Once in a great while I write completely off the usual topic of this blog, and I thought our recent experience of surviving a tornado might be a good candidate.
A few weeks ago my wife and I were reminded by our daughter that we had not been to visit her and her family since their baby boy was born in early December of last year. Since then they had made the 2 ½ hour trip to see us several times, but we were overdue to come visit them. They live in a small town of about 500 people in Northwest Iowa, and she is a stay at home mom who watches a few other kids during the day while her husband works as a car mechanic and is a volunteer fireman. They had made some improvements to the house since the last time we were there that they wanted us to see, and since it had long since been our turn to visit we gladly made the trip.
When we got there on Friday April 8th there was the usual excitement of seeing all the new improvements to the house, visiting with them and their friends, and my wife and I just enjoying the getaway and being treated as guests for a change.
Saturday came and found us exploring a local state park for future camping possibilities. Next we drove to a couple of nearby towns for groceries and some thrift shop browsing. Then it was back to their house to relax and visit for the evening. On the way we noticed on the highway just outside of their town a storm chaser vehicle parked at the side of the road, loaded with various antennae and other hardware on the roof, looking out over a vast, empty field.
The temperature that day had been unseasonably warm and humid. Usually the sun will burn off the haze and fog, but the gray hung on all day and grew darker as the evening closed in. We set up a little storm watching area of our own on the kids back patio, looking directly south through their backyard and then hundreds of yards across the barren farm field that started where their lawn ended.
The horizon grew darker and slowly there arose one of the largest, blackest thunderheads I had ever seen. Lightning came from everywhere, striking the ground, backlighting the monster cloud, and sheeting across the entire sky. The rain began falling while the huge black cloud kept growing, and then the strobe-lightning began. That kind of lightning, constantly flashing like a strobe light, can be a precursor to a tornado. Combined with hail, which fell for about five minutes in pea to golf ball sizes, and the indicators really began to look ominous.
In the middle of their back yard is an ornamental windmill, about seven feet tall, which had been blowing hard from the south all night. At one point the wind stopped completely, and everything seemed frozen but the churning clouds and lightning. Suddenly the windmill completely changed its direction and was blowing hard from the north. The kids got a call that a tornado had blown through a friend’s property a few miles southwest and it was headed straight for us. We stepped out into the backyard for a better look and there it was, across the field, dipping down and sucking back up into the angry clouds. The temperature dropped 30 degrees, then rose to as hot as it had been during the day, then dropped again, like waves coming across us. The last time we looked at the windmill, as we bolted for the basement door, it was spinning in circles.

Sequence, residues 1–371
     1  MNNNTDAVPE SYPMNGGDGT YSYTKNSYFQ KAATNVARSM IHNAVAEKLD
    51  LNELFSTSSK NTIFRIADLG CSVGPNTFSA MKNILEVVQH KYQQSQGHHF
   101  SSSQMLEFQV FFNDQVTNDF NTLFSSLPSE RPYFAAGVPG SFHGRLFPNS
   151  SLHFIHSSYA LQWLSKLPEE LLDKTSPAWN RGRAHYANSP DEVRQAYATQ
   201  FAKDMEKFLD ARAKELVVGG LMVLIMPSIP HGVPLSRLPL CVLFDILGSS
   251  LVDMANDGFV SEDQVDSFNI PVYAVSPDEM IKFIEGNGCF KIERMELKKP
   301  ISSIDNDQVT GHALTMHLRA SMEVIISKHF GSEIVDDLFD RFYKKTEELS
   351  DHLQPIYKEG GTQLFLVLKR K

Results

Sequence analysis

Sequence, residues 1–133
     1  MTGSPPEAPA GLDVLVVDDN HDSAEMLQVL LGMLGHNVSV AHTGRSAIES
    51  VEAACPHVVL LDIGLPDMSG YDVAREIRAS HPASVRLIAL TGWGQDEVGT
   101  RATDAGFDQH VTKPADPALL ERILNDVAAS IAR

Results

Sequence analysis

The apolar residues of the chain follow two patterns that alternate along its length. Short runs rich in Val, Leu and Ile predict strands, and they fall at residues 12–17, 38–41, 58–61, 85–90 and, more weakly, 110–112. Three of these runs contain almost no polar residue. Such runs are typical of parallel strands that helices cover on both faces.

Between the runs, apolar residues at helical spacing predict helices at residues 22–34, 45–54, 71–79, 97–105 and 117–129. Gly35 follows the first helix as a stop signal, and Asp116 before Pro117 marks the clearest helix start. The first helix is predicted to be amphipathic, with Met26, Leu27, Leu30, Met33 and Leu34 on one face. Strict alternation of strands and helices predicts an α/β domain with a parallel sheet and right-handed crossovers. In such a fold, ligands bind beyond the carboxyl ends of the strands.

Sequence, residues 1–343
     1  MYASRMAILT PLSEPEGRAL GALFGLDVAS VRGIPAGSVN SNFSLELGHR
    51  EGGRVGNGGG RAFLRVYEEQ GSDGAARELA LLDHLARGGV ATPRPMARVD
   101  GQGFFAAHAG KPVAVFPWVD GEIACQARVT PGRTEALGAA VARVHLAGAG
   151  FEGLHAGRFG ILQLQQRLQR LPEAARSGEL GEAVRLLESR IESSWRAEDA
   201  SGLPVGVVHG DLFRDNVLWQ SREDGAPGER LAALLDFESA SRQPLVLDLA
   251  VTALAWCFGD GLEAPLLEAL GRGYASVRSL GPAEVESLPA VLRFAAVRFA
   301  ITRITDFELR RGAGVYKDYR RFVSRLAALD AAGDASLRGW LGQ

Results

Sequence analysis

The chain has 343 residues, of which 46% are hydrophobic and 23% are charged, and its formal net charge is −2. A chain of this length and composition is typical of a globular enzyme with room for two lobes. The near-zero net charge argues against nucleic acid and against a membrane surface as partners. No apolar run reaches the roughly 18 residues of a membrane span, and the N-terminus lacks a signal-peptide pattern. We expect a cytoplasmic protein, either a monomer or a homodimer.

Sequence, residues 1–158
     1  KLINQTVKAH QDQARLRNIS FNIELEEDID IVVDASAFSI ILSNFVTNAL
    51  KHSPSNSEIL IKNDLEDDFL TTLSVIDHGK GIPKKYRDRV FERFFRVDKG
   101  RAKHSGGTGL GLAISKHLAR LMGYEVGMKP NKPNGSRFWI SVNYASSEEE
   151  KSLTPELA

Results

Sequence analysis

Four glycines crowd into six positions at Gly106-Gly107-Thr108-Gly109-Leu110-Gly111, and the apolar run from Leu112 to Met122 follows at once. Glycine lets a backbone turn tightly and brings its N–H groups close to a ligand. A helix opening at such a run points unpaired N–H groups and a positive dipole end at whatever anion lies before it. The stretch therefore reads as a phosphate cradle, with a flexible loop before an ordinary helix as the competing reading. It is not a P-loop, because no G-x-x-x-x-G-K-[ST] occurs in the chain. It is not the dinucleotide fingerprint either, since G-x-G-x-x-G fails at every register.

By the time we made it down the stairs it hit. The lights flickered twice and the basement went dark, the only light now coming from the strobe lightning through the small windows. There was a solid thud and the entire house shuddered. When we talked about it later most of us agreed that at that point we were ready to see the house disappear from over top of us. It was happening too fast to think about dying, we were just part of the action and suspense of the moment. There seemed to be a breathing of the house, like it came alive briefly, almost as if the walls were sucking in and out. Then it let go and passed on, leaving us in the dark basement listening to the wind howl and watching the lightning flash.
|Camper In Tree|
We let a few minutes pass before creeping up the stairs and opening the back door. The first thing that greeted us was astonishing proof of the fury that had just passed: in one of the trees in their backyard was the next door neighbors RV camper, which had previously been parked at the edge of the field. That neighbor also had large tree limbs on his house and trees down in his front yard. The power was out all over town. Trees and limbs and debris were everywhere, in yards, the streets, wrapped around other trees and poles. The kids lost a few dozen shingles from their roof and a window awning. A homemade smoker made from an old stove had been thrown from behind their garage into the other neighbor’s backyard, while a shovel leaning against a shed not more than six feet away from where the smoker had been had not moved. One mystery was what had happened to the glass top patio table that had been just outside of the back door. It was later found in the front yard close to the street, on its top, no worse for the wear. The only way it could have reached that position was to have flown up over the top of their house.
In the morning an exploration of the rest of the town revealed how lucky we really were. The damage looked like a giant on a huge pogo stick had bounced his way through town, smashing down every fifth house or so, and then becoming airborne again. Maybe the damage was random and had no pattern but I was immediately reminded of what the tornado looked like when we saw it across the field, repeatedly dangling down from the clouds and then sucking back up as it made its way toward the town.
When we visited the kids last December we lost power and were snowed in by a blizzard. This time it was a tornado. Now they are joking about what we will bring with us the next time we come to see them.